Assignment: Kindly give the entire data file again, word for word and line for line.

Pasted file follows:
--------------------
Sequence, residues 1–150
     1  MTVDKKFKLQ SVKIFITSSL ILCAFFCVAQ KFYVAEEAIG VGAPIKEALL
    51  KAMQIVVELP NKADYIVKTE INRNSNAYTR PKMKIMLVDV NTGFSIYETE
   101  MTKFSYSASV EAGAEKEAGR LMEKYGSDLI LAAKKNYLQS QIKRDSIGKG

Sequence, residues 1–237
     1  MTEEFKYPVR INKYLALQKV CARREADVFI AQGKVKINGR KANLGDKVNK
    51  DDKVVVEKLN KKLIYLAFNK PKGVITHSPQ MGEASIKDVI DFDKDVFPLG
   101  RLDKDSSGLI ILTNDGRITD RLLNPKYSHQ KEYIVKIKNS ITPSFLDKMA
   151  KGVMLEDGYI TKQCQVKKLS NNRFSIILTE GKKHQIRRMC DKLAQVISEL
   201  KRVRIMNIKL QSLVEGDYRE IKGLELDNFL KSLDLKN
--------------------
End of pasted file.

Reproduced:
Sequence, residues 1–150
     1  MTVDKKFKLQ SVKIFITSSL ILCAFFCVAQ KFYVAEEAIG VGAPIKEALL
    51  KAMQIVVELP NKADYIVKTE INRNSNAYTR PKMKIMLVDV NTGFSIYETE
   101  MTKFSYSASV EAGAEKEAGR LMEKYGSDLI LAAKKNYLQS QIKRDSIGKG

Sequence, residues 1–237
     1  MTEEFKYPVR INKYLALQKV CARREADVFI AQGKVKINGR KANLGDKVNK
    51  DDKVVVEKLN KKLIYLAFNK PKGVITHSPQ MGEASIKDVI DFDKDVFPLG
   101  RLDKDSSGLI ILTNDGRITD RLLNPKYSHQ KEYIVKIKNS ITPSFLDKMA
   151  KGVMLEDGYI TKQCQVKKLS NNRFSIILTE GKKHQIRRMC DKLAQVISEL
   201  KRVRIMNIKL QSLVEGDYRE IKGLELDNFL KSLDLKN